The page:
FEBRUARY 15th 2011 FLARE
A strong flare occured on february 15th 2011 at 1h55 UT. It is the strongest since 13th december 2006 which was the last big flare of solar cycle 23. As we crossed the end of cycle 23 and the begining of cycle 24, the solar activity remained very low. This flare is the first of the new cycle and there is no doubt we will see more of them in the coming years, even bigger, as we will head toward next maximum, probably in 2013.
This flare was labeled X2.2 on account of its Xray flux and generated a moderate enhancement of protons greater than 10 MeV in Earth space environment (for comparison : the >10 MeV proton flux of the December 2006 event was 300 times higher). It was not energetic enough to accelerate particles to relativistic energies that would have lead to a GLE (ground level event) as the one recorded in 2006 by the neutron monitor network. This means that such an event will not give any enhancement of the radiation dose at flight altitudes in the SIEVERT system (www.sievert-sytem.org).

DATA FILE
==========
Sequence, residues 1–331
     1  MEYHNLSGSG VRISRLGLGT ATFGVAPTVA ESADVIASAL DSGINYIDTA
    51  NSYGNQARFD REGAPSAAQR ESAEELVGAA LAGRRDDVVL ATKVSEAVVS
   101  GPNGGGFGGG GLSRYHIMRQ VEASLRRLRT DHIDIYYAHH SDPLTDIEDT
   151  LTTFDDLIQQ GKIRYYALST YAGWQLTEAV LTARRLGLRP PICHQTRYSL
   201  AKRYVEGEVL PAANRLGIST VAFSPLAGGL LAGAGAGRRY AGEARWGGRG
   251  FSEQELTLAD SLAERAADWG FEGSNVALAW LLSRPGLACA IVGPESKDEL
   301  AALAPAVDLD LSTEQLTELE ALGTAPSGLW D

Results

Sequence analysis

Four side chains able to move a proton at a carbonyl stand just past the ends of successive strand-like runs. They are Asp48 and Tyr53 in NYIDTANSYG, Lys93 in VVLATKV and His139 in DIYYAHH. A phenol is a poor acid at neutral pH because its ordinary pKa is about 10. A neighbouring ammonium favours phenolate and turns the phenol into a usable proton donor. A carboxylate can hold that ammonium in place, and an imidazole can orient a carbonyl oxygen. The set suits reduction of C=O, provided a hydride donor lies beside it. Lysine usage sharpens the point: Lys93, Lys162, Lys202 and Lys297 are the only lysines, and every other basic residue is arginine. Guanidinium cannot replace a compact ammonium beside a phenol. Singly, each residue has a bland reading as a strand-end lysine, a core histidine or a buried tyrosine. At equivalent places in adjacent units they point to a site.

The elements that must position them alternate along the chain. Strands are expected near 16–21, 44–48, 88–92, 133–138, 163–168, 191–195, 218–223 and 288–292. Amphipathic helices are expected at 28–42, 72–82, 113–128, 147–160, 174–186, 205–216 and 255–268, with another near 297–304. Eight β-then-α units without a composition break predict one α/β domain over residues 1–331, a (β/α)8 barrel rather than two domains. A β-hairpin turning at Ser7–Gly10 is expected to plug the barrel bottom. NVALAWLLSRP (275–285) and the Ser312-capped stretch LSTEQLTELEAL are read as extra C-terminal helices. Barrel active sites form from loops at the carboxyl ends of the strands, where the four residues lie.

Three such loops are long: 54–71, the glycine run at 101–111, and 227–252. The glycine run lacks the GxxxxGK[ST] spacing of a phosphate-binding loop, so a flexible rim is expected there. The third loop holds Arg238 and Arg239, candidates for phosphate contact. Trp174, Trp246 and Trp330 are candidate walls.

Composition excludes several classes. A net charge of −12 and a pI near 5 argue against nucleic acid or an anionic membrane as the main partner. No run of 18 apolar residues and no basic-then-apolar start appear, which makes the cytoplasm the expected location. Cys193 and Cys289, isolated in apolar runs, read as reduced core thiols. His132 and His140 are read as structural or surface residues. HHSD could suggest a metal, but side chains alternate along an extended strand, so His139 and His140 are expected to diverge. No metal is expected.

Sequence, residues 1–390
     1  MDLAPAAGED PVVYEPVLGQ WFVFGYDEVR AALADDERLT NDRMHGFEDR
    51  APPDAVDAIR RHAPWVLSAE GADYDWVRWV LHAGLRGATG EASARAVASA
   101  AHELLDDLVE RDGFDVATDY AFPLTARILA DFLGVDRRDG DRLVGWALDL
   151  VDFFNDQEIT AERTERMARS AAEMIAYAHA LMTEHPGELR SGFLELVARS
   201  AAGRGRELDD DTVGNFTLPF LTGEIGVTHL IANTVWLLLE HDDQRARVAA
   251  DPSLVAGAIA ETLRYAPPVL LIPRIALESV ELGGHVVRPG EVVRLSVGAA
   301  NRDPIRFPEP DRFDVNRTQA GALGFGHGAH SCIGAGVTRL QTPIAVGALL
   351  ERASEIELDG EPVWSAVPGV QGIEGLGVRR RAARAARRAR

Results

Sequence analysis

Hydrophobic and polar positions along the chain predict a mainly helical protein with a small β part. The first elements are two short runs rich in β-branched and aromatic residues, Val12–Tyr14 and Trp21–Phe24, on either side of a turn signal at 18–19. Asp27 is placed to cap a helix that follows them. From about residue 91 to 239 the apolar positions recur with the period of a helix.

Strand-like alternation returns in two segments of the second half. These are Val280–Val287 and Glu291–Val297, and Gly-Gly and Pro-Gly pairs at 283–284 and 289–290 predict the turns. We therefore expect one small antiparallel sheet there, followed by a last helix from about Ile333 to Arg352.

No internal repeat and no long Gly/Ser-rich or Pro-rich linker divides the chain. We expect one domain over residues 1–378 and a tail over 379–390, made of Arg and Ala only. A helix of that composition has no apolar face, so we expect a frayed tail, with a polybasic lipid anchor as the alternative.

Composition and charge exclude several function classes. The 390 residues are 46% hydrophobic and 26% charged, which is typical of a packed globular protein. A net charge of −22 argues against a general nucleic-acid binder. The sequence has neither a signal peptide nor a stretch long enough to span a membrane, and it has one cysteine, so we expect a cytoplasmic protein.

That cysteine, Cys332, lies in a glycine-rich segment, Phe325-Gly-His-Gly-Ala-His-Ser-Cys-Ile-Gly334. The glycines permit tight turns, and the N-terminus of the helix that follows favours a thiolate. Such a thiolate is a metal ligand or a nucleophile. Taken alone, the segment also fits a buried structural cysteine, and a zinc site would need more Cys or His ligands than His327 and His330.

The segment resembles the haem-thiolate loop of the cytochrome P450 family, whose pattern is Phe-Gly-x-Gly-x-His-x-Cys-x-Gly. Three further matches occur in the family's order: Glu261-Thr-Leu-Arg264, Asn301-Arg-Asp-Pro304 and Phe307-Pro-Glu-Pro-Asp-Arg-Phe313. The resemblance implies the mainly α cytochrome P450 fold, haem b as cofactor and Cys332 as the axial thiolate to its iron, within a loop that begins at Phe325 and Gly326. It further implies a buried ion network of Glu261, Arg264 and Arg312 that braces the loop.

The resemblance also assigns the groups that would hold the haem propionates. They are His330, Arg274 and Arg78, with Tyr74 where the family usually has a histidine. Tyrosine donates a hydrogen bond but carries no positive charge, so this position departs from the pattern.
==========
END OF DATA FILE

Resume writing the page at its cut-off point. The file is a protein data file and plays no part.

On the contrary, as the event also produced a halo CME which arrived at Earth 3 days later, the well known Forbush effect (see www.nmdb.eu/?q=node/135) made the galactic cosmic ray counts decrease. Hence the radiation dose in the Earth's atmosphere was actually slightly lower than in the previous days (see figure below).
The small enhancement seen for Terre Adélie station just before the Forbush decrease is not due to solar particles, but most probably to the reflection of galactic cosmic rays by the front shock of the ICME before it reaches the Earth (see www.nmdb.eu/?q=node/138 for a more detailed explanation).